Link to Original Source
top

Australian Restaurant To Use iPads As Menus

NormalVisual NormalVisual writes  |  more than 4 years ago

NormalVisual (565491) writes "The Pearl restaurant in Melbourne will soon begin using Apple iPads running custom software to describe the available culinary options to its customers. Chris Lucas, the proprietor, has spent $40,000 in development costs on top of the costs of the devices themselves in order to research the food offerings in as much detail as they choose.

No word regarding the expected longevity of the iMenus, but it's doubtful they'll deal with spills and accidental drops nearly as well as paper menus."

Link to Original Source
top

Sony Offices Raided In Copyright Dispute

NormalVisual NormalVisual writes  |  about 5 years ago

NormalVisual (565491) writes "A copyright dispute between Latin recording artist Alejandro Fernández and Sony Music has resulted in more than 6,000 CDs being seized from Sony's Mexico City office by the Mexican police, along with master tapes and cover art. Fernández's contract with Sony was for seven albums, and the label had compiled and was attempting to market and sell an eighth album, created from previously unreleased tracks. The seizure comes two weeks after Sony ignored a cease and desist letter from Fernández's attornies. Sony of course maintains it has done nothing wrong."
top

Seagate 1TB Drives Failing at Alarming Rate

NormalVisual NormalVisual writes  |  more than 5 years ago

NormalVisual (565491) writes "Owners of Seagate 1TB drives have been experiencing serious issues of late — many recent 7200.11 Barracuda SATA drives have a problem with the version SD15 firmware that often results in the drive failing on power-up after working perfectly fine for a time. While the data on the drive appears to be safe, the drive is completely bricked, resulting in the inability to flash it to any further firmware revisions without a bit of hardware hacking. The problem is making for an interesting discussion on Seagate's community forums, particularly since Seagate still refuses to acknowledge the issue and is tightly censoring the "official" discussion on the forums, so many 7200.11 owners are having to discuss the issue outside of Seagate's control. Tom's Hardware has also picked up the increasingly-vocal story. So, if you've got one of the big Barracudas, it's probably a good idea to to stay on top of those backups."
top

"Cloverfield" Trailer Available on Apple.c

NormalVisual NormalVisual writes  |  more than 6 years ago

NormalVisual (565491) writes "After much waiting and speculation, the hi-def trailer for J.J. Abrams' new monster movie "Cloverfield" has finally been made available on Apple's web site. Still no really clear shots of the monster(s), but we really didn't expect that, did we? Let the hours of vapid and pointless speculation begin!"
top

MythTV Listings To Cost $15 for 3 Months

NormalVisual NormalVisual writes  |  more than 7 years ago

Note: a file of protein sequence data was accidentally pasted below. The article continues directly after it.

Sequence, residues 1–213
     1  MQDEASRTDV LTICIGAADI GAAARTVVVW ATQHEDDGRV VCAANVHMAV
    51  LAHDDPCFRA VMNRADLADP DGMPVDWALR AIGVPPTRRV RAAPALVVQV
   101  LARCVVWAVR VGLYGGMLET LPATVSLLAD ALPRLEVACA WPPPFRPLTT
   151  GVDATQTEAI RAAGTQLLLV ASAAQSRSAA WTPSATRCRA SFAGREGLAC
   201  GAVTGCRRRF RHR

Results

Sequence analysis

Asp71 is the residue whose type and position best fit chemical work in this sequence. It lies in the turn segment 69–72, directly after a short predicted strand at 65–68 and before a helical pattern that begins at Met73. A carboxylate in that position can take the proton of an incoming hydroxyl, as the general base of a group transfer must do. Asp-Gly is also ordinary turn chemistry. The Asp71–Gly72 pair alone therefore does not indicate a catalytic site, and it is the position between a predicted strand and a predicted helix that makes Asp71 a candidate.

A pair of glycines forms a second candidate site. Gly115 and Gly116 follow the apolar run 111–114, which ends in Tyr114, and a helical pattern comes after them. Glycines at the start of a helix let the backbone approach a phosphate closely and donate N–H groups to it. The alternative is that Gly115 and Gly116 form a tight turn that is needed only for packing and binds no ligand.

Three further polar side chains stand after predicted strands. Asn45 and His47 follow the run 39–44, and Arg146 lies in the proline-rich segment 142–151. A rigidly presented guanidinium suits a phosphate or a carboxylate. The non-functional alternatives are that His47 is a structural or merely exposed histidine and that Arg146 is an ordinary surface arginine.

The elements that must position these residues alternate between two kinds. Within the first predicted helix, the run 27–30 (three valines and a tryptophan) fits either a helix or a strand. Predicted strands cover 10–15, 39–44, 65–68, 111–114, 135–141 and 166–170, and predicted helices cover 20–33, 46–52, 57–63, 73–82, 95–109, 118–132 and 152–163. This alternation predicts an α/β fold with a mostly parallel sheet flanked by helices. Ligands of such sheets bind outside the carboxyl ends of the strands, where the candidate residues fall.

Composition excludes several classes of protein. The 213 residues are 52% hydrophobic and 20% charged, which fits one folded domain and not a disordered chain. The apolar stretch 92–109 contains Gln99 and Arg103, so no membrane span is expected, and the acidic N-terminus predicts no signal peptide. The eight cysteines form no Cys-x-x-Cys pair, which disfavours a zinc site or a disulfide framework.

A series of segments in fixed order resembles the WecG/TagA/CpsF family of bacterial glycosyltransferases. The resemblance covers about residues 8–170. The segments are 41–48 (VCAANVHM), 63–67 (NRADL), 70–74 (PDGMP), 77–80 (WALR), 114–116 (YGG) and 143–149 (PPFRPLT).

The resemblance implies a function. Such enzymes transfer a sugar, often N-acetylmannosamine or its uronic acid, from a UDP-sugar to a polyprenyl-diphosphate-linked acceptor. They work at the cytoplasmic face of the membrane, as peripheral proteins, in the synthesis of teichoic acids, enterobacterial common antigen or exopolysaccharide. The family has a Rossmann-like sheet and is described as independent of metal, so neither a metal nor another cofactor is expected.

NormalVisual (565491) writes "Schedules Direct, the folks that have been working towards providing listing data for MythTV users in the shadow of the impending shutdown of existing listing services by Zap2It, has finally announced pricing for their soon-to-be-available service. They will be initially charging $15 for a 3-month subscription, but anticipate substantial price decreases as they get more people on board. I for one am quite happy to hear this news."
top

NormalVisual NormalVisual writes  |  more than 7 years ago

NormalVisual (565491) writes "The mailing lists were buzzing recently when Michael Buesch, one of the maintainers for the GPL'd bc43xx Broadcom wireless chip driver project, called the OpenBSD folks to task for apparently including code without permission from his project in the OpenBSD bcw project, which aims to provide functionality with Broadcom wireless chips under that OS. It seems that the problem has been resolved for now with the BSD driver author totally giving up on the project and Theo De Raadt taking the position that Buesch's posts on the subject were "inhuman"."
top

NormalVisual NormalVisual writes  |  more than 7 years ago

NormalVisual (565491) writes "U.S. District Judge Deborah A. Batts ruled today that recording XM Satellite Radio broadcasts using the built-in recording functionality of some XM receivers is not equivalent to taping music off the radio with an analog cassette deck, as detailed in this article. The judge's reasoning was that the built-in recorders in XM units essentially make XM a broadcaster and distributor, whereas XM is only paying to be a broadcaster."
top

NormalVisual NormalVisual writes  |  more than 7 years ago

NormalVisual (565491) writes "It appears that the unconstitutional and controversial warrantless surveillance program being conducted by the Bush Administration can continue until an appeals court can hear the case, according to this AP article. The 6th Circuit ruled that while the lower court had ruled the program was unconstitutional, they felt that the case's chances before the appeals court and the possible danger to national security warranted their decision to let it continue despite the likelihood that the appeal process will take months.

Good to know that the whole "separation of powers" thing works so well for keeping the government in check, eh?"

Journals

NormalVisual has no journal entries.

Slashdot Login

Need an Account?

Forgot your password?